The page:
In our exploration of graphing, I wanted to show you a really good example of collecting data in a meaningful way, before we look at some less than ideal examples.

Above, you can see that this group of children chose their favorite book between “Brown Bear, Brown Bear” and “Panda Bear, Panda Bear.”  Using name cards with the children’s names written carefully across the top, and then a small picture of each child in the corner, children voted by placing their name card under their book choice.

What is good about this?

1.  Children’s names are reinforced with their photographs.  Remember, many children can recognize their own names using a variety of clues, but they may not recognize any of their classmates names.  Using the above technique, all of the children can “read” the data using the photographs as additional support.

2.  The slots for names are evenly spaced.  There is a clear one-to-one correspondence between the cards and the slots.  One card per one slot.  This helps support the children when they count the results. This also means that the children won’t be “fooled” by the votes.  They can easily see which book received more votes.

3.  There are only 2 choices.  Often, teachers are tempted to think that “more is more.”  For children under 3 I believe that choosing between 2 options is entirely appropriate.  You will also find less hemming and hawing when the children make their choices.

4.  The “graph” remains in the classroom.  Children can go and revisit their data set after the activity is over.  Teachers can ask the next day, or the next week, “Who can tell me which book had the most votes?” and children can go over to their data set and revisit the graph and figure it out for themselves.

5.  The books are familiar and recognizable by sight.   The book covers are copied and reduced in size and are completely identifiable to even very young children.

6.  If done well, children can count how many votes each book received.  It is also possible that some children can figure out how many more Brown Bear received than Panda Bear by showing them they can count on from the bottom of the Panda Bear list.  This is very difficult to do, but you may have some children who are ready for this.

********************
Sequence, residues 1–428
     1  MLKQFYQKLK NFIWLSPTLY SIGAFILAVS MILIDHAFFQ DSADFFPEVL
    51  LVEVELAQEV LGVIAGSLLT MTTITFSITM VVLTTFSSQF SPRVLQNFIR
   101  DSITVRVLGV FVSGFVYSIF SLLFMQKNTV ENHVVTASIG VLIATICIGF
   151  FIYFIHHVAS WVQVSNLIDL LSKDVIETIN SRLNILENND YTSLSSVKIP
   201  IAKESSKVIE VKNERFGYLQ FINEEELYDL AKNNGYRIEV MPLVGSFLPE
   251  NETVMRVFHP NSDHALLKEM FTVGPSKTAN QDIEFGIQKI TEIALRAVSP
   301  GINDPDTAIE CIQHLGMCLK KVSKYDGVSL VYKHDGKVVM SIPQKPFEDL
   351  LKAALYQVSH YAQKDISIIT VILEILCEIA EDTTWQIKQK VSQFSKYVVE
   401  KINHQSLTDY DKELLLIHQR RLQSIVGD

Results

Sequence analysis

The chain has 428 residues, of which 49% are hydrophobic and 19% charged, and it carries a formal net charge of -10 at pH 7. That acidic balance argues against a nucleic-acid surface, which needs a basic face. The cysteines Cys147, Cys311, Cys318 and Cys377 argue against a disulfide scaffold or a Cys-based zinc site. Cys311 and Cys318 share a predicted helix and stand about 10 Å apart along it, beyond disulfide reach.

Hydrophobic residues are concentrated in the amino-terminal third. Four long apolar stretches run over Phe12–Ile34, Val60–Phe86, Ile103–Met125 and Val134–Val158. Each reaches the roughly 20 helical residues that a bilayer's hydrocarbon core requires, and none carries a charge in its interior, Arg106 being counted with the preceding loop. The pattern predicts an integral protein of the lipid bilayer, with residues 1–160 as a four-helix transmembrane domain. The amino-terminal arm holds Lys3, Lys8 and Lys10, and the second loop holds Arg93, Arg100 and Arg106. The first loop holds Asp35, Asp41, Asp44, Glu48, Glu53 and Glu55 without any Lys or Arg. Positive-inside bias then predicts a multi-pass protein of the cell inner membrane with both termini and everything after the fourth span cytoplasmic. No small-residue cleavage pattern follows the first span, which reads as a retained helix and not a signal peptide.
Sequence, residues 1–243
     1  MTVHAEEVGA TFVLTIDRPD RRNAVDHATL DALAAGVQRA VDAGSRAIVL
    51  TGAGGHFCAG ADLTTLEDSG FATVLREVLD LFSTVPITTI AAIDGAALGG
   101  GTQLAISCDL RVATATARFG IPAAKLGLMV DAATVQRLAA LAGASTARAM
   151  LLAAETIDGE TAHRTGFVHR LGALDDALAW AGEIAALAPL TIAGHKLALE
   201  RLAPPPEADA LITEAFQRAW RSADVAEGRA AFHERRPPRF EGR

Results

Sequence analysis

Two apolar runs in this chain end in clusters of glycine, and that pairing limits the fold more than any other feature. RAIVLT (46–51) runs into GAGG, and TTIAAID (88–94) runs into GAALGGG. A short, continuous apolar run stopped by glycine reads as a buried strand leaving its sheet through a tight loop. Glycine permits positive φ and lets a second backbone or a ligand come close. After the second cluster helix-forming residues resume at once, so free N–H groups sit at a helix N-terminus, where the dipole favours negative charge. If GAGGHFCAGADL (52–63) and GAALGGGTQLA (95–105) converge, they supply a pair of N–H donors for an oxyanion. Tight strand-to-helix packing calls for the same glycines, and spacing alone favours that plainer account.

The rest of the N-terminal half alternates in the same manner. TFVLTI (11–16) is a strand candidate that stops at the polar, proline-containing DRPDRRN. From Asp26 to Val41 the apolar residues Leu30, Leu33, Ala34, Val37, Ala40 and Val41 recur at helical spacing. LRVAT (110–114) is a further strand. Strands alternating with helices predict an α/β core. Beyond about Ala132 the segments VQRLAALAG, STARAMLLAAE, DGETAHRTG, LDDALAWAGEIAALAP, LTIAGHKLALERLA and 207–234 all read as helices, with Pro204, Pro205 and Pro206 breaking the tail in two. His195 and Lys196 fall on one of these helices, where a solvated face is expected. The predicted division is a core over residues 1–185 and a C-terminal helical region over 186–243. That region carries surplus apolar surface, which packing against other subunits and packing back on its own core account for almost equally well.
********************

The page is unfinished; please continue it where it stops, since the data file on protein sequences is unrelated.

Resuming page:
Next week, we will look at more graphing examples and get lots of ideas for activities you can do with your own children.

## 6 Replies to “Graphing Favorite Books”

1. Rita says:

I like the simplicity of this graph. The children can easily see their choices, they can also vote easily. After all is done the children can see their results. All their “data research” and discussion is now displayed before them.

2. Rita says:

I like this approach to graphing the children’s favorite book. It is simple and not complicated. The children have a simple method of making their choice, their name and picture on the card, and they can see when the voting is complete and which book has the most votes. Visually they can see which book has the most cards {subitizing} and they can count the votes. Simple but enough to interest the children and open discussions about brown bears vs polar bears.

3. Deshanna says:

i like how the kids name was used to get the kids interested and their attention, also allowing kids to discuss their favorite book while learning math

4. Madeline Pochron says:

Great idea to really engage children in not just graphing but in enjoying reading as well.

5. Margaret R Nathan says:

Would be an easy one to start the children graphing I like the simplicity of it

6. Tammy says:

Great idea for introducing graphing!

## A University of Illinois Chicago College of Education project funded by the CME Group Foundation

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